David Skeel, a professor of law at the University of Pennsylvania, has written a book called, “The New Financial Deal:Understanding the Dodd-Frank Act and its (Unintended) Consequences.” Any critic of that piece of legislation is a friend of mine.
Professor Skeel argued in the Wall Street Journal that states should have the ultimate bargaining tool to renegotiate union contracts, bond debt, and pension benefits. He makes a compelling case that this is the best way to avoid a federal bailout of deeply troubled states like California and Illinois–and that it is constitutional. And what about Minnesota and other states that are deep in the red but have not gone off the cliff? If Congress does not fend off profligate states like California (aka the Lindsay Lohan of states) and bails them out, more responsible states like Minnesota will pay the price and line up, as well, for a bailout. One of the lessons we should have learned long ago is that you have to let people and markets take their hits. Bailouts delay the pain and punish the responsible. Here is another article by Skeen in the Weekly Standard.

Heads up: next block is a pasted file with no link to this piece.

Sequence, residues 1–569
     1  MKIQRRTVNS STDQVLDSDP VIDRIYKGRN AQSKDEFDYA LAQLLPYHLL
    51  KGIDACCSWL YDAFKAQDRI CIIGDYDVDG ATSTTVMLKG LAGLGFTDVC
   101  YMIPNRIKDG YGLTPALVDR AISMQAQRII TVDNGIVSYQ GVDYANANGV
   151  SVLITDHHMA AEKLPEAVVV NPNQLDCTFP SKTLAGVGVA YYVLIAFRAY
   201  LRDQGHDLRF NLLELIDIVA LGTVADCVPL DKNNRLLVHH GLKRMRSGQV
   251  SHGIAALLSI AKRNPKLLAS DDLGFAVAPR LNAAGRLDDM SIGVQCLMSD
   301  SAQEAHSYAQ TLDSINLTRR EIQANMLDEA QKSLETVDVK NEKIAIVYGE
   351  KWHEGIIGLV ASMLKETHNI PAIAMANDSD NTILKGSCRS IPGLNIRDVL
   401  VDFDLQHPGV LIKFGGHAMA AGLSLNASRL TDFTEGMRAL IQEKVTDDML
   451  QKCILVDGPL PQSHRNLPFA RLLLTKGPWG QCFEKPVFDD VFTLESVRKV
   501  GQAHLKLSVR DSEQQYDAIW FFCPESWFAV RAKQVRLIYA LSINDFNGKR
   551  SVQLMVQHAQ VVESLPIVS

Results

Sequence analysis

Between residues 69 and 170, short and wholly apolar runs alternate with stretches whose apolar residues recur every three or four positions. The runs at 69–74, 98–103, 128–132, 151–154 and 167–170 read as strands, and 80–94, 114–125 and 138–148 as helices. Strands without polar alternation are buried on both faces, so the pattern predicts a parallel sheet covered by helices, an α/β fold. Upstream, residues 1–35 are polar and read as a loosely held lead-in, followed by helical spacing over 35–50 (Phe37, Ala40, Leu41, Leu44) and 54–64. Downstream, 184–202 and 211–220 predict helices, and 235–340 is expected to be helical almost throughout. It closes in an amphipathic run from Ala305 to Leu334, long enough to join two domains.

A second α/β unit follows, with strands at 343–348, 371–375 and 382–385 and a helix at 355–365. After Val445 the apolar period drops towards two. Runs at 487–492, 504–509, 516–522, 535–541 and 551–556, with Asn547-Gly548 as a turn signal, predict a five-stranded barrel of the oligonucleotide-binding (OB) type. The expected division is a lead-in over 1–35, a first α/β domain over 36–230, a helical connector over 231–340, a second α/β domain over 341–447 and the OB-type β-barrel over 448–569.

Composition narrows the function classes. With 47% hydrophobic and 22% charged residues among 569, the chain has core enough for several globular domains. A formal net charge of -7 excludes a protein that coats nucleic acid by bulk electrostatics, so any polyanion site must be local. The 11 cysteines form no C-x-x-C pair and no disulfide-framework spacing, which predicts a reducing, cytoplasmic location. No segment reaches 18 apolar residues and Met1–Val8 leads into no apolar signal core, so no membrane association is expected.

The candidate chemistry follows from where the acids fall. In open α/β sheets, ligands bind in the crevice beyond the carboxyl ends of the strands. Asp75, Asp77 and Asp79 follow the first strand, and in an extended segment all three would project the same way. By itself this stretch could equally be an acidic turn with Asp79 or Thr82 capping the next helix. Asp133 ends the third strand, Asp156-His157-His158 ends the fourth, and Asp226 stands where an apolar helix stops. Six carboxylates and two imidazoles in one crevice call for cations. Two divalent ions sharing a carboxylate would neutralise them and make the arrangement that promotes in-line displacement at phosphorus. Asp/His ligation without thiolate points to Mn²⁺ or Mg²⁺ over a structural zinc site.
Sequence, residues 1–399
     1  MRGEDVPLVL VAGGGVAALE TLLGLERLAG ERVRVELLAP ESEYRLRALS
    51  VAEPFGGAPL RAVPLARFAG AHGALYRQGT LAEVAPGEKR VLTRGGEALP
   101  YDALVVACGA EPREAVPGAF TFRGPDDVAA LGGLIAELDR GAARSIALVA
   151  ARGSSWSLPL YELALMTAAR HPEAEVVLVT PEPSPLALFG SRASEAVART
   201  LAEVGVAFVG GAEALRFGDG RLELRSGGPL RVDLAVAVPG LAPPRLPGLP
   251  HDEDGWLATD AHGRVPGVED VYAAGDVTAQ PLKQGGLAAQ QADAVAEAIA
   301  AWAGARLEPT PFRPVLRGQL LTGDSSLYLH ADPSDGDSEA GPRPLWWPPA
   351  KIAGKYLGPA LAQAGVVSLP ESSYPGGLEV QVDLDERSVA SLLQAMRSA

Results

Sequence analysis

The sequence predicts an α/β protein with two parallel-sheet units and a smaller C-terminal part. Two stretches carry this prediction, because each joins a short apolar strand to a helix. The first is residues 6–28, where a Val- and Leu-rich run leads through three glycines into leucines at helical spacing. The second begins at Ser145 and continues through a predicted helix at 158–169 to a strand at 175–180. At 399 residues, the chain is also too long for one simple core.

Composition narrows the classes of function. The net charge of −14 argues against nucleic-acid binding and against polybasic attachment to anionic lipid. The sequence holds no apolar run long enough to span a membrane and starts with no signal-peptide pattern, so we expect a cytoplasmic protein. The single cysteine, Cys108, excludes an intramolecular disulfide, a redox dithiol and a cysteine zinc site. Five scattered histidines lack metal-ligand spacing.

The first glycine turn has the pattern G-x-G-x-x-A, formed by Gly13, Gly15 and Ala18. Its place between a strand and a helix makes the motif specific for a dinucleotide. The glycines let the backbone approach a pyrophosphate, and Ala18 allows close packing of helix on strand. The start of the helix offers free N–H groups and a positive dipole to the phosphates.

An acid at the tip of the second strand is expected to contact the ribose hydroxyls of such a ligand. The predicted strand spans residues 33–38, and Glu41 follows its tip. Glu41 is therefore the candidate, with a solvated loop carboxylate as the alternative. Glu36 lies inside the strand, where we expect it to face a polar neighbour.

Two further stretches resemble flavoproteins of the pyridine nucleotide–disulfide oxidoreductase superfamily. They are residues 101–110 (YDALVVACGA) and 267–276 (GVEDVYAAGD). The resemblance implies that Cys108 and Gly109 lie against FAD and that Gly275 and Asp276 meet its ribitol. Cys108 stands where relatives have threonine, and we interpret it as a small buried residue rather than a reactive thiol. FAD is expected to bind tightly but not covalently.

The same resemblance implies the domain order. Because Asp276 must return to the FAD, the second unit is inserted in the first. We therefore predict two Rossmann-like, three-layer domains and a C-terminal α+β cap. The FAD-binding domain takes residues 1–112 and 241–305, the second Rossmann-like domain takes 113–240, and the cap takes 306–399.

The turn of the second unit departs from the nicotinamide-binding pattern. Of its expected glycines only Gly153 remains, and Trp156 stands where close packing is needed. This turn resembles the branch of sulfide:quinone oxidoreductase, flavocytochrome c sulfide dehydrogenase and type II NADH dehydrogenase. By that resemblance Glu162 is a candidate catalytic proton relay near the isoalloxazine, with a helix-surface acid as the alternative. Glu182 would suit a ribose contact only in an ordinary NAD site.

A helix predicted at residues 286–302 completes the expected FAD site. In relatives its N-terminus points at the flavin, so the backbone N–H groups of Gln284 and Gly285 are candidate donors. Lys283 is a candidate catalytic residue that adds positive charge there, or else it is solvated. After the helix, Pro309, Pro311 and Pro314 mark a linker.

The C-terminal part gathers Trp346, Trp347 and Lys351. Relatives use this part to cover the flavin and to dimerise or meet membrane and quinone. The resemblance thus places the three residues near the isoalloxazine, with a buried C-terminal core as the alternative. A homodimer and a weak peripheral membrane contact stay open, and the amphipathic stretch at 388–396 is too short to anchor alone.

We checked with Professor Skeel; there is no pending federal legislation but drafts are in the hopper. This is a long term solution to addressing the steep price we are paying for the unionization of our public workforce. More on that later.